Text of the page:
|image from the Amazon page|
I just checked out a book from the library called "American Decades: 1900-1909" which is part of a series of reference books edited by Vincent Tompkins and published by Gale Research. After thumbing through it for about an hour I went ahead and purchased a used copy from Amazon for a pittance.
The following Library Journal review from Stephen L. Hupp (University of Pittsburgh) gives a good overview of the contents:
This is the latest installment of the Gale series documenting the history and social trends of this country during the 20th century. This volume covers the decade when America emerged as a world power, saw its population shift from the farm to the city, watched government challenge big business for the first time, and did little as African Americans continued to lose political and civil rights. Following the format established in previous volumes, the 13 chapters cover history, politics, law, economics, culture, and sports. Each chapter opens with a chronology, followed by a brief essay highlighting the decade's significant events. The main section offers essays on selected people and topics, and the chapter closes with a collection of biographies and a bibliography of period writings. Accenting the text are period photographs, drawings, and other art works. Coverage of each topic is balanced in terms of both the elite and common people and the high arts and everyday affairs. No new additional information appears in this work. Rather, the accessible tone, good index, nice arrangement, and wide coverage makes this a useful reference book or introduction for patrons unfamiliar with this fascinating period. Recommended for school, public, and undergraduate libraries.Good stuff all in one place! Now I can refine my understanding what my American ancestors in that decade were living through, and can play around with my timelines to see if and how the events in the book affected what my ancestors did.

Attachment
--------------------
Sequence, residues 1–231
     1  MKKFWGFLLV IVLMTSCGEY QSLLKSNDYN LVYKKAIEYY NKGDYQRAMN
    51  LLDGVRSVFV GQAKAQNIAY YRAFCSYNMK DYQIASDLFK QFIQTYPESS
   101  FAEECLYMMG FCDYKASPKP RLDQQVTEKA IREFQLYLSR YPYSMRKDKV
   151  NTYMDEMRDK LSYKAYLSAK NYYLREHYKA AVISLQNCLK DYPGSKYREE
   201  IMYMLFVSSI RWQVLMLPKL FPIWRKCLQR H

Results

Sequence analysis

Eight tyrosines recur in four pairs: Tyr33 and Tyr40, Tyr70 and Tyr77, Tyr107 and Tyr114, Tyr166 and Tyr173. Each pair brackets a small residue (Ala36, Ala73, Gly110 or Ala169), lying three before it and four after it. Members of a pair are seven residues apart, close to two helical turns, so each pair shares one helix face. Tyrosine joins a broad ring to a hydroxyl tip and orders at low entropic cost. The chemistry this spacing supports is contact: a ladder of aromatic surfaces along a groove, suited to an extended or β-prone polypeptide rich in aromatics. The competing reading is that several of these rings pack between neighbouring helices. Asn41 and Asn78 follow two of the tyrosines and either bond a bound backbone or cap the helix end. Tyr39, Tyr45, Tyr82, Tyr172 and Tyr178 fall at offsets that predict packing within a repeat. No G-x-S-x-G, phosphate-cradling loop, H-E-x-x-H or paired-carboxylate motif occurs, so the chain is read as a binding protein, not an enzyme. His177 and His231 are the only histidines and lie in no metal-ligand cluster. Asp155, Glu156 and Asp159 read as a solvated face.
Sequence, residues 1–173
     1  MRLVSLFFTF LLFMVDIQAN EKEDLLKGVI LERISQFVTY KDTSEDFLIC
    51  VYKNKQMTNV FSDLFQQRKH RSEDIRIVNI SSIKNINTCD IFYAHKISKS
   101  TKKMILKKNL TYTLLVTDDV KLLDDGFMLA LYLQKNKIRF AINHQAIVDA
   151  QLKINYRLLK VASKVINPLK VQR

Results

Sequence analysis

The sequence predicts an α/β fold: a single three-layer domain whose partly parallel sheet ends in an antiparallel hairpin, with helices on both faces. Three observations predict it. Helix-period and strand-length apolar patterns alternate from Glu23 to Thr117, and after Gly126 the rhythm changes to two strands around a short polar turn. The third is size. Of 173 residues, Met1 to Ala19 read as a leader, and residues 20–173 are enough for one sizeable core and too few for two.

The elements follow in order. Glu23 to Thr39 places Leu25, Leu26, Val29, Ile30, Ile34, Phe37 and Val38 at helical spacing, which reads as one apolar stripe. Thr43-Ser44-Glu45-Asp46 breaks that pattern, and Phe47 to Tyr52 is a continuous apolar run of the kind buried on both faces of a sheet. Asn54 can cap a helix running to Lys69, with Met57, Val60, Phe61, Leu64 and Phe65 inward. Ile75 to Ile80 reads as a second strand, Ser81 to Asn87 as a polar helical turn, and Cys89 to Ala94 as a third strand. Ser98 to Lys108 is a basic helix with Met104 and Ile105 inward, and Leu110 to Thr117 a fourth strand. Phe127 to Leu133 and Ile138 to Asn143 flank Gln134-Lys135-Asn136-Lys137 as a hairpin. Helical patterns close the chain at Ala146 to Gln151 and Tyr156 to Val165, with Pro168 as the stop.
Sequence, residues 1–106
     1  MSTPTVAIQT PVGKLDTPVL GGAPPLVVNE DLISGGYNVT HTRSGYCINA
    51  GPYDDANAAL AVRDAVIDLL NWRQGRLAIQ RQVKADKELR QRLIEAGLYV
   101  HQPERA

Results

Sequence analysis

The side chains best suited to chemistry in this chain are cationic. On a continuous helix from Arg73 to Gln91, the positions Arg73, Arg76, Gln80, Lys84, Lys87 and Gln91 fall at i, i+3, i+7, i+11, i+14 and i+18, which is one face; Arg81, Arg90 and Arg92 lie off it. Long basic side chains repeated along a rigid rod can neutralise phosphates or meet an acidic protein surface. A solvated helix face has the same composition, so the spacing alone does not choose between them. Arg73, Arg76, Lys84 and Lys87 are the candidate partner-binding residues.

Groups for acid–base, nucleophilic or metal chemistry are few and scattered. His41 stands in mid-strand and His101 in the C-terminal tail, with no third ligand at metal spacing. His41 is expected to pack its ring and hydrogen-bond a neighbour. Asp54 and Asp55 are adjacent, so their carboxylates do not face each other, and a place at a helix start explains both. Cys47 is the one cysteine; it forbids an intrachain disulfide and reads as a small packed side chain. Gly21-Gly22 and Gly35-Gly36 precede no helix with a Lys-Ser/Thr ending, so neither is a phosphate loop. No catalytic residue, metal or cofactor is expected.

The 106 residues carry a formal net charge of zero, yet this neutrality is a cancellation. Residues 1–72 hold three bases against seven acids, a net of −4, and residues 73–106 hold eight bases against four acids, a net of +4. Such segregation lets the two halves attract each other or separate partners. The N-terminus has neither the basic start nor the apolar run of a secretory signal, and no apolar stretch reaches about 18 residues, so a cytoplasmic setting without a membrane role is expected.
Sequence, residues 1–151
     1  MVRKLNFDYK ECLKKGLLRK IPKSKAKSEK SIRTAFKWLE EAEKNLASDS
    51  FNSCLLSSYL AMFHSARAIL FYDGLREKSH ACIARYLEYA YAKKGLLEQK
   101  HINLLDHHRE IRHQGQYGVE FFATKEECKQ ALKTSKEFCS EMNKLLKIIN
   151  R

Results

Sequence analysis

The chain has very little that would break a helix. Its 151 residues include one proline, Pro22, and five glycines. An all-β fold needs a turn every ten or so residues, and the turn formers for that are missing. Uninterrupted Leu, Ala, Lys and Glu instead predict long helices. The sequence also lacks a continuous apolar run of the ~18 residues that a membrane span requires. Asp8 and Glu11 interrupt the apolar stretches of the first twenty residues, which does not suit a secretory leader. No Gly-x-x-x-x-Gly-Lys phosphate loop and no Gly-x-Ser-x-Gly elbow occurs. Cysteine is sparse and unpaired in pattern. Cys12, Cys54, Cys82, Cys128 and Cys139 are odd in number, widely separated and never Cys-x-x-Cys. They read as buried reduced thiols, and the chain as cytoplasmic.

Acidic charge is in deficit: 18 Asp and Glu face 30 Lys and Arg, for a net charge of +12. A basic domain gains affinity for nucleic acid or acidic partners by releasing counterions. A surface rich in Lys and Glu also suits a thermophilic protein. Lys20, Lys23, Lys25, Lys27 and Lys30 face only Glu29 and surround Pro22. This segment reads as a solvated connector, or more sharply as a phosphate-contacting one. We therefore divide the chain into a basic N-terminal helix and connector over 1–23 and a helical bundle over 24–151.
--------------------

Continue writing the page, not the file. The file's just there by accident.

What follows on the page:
There are only a few book copies of this work to check out (most of them are reference, which means they have to remain in the library), but you don't have to step foot in a physical library to get the same info today, provided you have a library card (in this case, with the San Diego Public Library, but I believe that most if not all public library systems offer similar options).
The front page has tabs and when you click on "eCollection" it takes you to the articles and databases area:
After a disclaimer, a new page will open and you will see all the subscription databases available:
|It takes quite a few steps and new tabs/windows, but we're almost there lol|
|Subscription databases with a history focus that are available from SDPL. I think some of their genealogy ones have to be used in-library.|
After looking around the "U.S. History in Context" and "World History in Context" I realized that they could be searched from the same page:
It turns out that the contents of the American Decades series is included with the library card. Not too shabby!
|I checked to see if articles in the print book "American Decades: 1900-1909" were the same online, and they were.|
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